Seeing Red: Redshifts, Cosmology and Academic Science

Description

Seeing Red: Redshifts, Cosmology and Academic Science book by Halton Arp challenges the idea of redshift, constant mass and in essence the Big Bang theory. This is a scientific book, not the easiest of reads.

This book is not written from the Electric Universe theory point of view but red shift is one of the main EU theory rallying points against peer reviewed Gravity cosmology and astronomy.

Arp's proposals of transforming new mass are explained a bit more from an EU theory perspective.



Halton Arp is the main who created the Atlas of Peculiar Galaxies.

During the 1950s bright radio sources, now known as quasars, had been discovered that did not appear to have an optical counterpart. In 1960 one of these sources, 3C 48, was found to be associated with what appeared to be a small blue star. When the spectrum of the star was measured, it contained unidentifiable spectral lines that defied all attempts at explanation; John Gatenby Bolton's suggestion that these were highly redshifted sources was not widely accepted. In 1963 Maarten Schmidt found a visible companion to the quasar 3C 273. Using the Hale telescope, Schmidt found the same odd spectra, but was able to demonstrate that it could be explained as the spectrum of hydrogen, shifted by a very large 15.8% If this was due to the physical motion of the "star", it would represent a speed of 47,000 km/s, far beyond the speed of any known star and defying an obvious explanation.

Schmidt noted that redshift is also associated with the expansion of the universe, as codified in Hubble's law. If the measured redshift was due to expansion, then the object in question would have to be very far away, and therefore have an extraordinarily high luminosity, equally beyond any object seen to date. This extreme luminosity would also explain the large radio signal. Schmidt concluded quasars are very distant, very luminous objects. Schmidt's explanation for the high redshift was not universally accepted at the time.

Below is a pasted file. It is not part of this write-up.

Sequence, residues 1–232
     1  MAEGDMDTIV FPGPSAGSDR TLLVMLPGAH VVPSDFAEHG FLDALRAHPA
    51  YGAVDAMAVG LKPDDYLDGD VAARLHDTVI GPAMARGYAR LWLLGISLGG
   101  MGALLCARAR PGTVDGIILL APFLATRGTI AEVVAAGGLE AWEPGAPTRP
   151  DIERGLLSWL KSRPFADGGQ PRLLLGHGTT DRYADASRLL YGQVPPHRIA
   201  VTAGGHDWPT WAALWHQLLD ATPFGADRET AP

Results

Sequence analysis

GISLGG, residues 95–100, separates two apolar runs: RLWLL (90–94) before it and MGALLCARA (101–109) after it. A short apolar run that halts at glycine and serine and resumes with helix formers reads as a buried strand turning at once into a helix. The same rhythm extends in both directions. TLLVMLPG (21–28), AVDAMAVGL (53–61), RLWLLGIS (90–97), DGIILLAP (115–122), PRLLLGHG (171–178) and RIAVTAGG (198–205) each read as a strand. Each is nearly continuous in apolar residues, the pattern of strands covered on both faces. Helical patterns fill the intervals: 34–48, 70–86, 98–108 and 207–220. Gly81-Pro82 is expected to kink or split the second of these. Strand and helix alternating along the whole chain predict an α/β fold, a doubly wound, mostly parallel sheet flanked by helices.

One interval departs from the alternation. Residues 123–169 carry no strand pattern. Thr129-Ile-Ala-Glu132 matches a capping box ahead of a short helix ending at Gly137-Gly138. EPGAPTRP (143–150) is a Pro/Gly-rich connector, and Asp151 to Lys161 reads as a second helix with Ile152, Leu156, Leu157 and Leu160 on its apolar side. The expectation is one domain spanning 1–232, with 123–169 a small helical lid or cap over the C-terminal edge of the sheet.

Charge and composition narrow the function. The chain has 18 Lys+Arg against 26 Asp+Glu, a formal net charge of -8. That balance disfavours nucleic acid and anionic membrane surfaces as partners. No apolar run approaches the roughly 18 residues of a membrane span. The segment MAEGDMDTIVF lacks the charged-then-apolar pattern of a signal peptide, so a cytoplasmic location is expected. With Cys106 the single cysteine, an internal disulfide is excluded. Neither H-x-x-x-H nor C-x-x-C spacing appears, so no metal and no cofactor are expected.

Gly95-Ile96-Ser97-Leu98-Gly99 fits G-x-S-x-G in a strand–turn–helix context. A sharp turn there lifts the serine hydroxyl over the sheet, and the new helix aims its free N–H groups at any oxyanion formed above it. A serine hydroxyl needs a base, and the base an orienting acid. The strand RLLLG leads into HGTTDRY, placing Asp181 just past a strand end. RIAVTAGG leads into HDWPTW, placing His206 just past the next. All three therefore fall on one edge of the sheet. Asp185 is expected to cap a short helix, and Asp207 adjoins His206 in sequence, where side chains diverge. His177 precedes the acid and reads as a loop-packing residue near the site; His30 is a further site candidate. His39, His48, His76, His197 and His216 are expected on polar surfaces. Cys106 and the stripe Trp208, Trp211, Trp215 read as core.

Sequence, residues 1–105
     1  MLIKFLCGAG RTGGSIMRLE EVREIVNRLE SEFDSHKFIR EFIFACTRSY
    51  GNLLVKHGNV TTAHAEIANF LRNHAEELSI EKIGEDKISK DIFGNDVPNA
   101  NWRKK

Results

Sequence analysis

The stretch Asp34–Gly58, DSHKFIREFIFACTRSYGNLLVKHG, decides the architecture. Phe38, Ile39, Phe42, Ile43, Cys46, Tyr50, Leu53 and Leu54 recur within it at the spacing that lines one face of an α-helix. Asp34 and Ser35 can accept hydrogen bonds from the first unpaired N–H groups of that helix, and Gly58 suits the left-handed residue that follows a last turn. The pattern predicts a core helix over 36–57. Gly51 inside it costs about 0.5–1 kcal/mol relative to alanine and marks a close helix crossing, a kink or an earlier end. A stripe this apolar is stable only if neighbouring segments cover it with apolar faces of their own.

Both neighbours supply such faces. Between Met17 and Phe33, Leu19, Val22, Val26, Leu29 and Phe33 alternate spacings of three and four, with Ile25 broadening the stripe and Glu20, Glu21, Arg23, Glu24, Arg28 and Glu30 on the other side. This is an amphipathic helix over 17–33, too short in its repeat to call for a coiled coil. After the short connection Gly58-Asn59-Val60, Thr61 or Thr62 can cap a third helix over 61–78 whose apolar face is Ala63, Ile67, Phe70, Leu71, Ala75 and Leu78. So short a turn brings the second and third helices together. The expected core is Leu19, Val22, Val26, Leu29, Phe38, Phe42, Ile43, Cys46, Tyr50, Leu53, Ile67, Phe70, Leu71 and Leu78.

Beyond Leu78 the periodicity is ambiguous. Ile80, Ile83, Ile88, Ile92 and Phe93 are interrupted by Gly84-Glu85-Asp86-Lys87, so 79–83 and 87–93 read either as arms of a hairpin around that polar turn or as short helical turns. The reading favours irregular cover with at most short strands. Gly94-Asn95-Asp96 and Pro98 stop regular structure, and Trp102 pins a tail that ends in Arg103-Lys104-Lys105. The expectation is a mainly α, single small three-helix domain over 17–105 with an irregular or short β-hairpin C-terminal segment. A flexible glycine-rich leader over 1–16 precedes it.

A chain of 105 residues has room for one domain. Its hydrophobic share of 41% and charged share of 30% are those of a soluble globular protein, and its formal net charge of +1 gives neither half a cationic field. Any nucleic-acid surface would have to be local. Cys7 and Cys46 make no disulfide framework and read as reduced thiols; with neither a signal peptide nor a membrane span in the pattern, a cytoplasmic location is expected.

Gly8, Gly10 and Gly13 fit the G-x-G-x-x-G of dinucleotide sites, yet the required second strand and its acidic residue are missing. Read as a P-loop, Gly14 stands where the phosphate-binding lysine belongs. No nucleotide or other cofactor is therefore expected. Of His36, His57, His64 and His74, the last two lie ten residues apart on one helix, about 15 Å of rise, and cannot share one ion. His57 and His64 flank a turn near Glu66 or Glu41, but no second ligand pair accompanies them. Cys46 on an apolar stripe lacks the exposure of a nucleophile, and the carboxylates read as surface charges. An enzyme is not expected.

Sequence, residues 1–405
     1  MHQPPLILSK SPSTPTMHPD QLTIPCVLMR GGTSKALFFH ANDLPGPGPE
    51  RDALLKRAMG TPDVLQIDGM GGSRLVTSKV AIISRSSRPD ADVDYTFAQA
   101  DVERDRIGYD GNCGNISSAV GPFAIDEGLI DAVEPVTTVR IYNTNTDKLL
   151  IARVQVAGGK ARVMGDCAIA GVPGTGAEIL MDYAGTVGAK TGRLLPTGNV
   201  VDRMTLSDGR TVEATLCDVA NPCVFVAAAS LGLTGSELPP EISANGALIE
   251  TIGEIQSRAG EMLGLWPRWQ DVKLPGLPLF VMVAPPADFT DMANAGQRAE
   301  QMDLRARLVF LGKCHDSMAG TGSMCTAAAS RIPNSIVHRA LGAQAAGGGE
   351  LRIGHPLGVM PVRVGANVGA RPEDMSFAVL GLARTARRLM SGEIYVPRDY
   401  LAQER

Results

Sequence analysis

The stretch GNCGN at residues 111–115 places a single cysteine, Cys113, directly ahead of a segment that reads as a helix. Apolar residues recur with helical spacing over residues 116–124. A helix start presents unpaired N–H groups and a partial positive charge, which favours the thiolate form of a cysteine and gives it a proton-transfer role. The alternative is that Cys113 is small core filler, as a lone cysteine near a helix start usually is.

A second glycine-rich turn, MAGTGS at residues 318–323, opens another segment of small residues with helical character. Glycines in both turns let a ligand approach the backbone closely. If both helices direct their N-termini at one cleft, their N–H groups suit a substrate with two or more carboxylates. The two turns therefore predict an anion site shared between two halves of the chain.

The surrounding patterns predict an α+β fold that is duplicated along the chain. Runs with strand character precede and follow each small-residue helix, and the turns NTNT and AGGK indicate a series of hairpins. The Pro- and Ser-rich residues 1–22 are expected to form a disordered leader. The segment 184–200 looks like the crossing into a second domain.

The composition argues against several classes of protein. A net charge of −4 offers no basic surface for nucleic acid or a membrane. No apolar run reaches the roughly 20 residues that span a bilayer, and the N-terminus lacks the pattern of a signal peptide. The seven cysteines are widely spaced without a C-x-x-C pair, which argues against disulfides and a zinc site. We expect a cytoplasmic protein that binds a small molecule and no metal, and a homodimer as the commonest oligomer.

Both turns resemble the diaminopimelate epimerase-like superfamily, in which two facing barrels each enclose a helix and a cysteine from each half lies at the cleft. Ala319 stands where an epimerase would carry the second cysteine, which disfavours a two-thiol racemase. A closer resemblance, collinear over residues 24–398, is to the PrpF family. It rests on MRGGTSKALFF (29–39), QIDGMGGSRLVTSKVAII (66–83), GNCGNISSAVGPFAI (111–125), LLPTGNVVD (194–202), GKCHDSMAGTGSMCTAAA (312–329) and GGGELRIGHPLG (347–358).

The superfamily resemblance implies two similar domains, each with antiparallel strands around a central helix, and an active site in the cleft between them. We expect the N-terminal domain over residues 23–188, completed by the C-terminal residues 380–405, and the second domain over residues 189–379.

Quasars and redshifts - Halton Arp | Wikipedia

Independent review of Halton Arp's Seeing Red book

Not a positive book review. But peer reviewed logic will never accept Arp's interpretation and conclusions.

As Halton 'Chip' Arp is at pains to point out throughout this book, the scientific community has long since made its mind up about the 'evidence' he provides for non-cosmological redshifts. He is right. Reviewing this book therefore becomes an exercise in futility as nothing I write in this review is likely to change anyone's views on the subject matter contained in Seeing Red.

The book purports to demonstrate how the established astronomical community has repeatedly ignored the incontrovertible evidence for non-cosmological redshifts, quantised redshifts, and the like, presented over the years by Arp and his colleagues. Arp paints himself and his colleagues as "wronged" visionaries fighting against a blinkered community which refuses to accept the glaringly obvious.

... Perhaps if the book had contained a modicum of statistical rigour, been somewhat less antagonistic towards individual scientists, less self-indulgent, or even discussed (and dismissed) one piece of the overwhelming evidence for cosmological redshifts, then I might have been more receptive. Unfortunately it didn't and I wasn't.
Seeing Red: Redshifts, Cosmology and Academic Science | Astronomy Mall book review

Buy Arp's Seeing Red book from Amazon.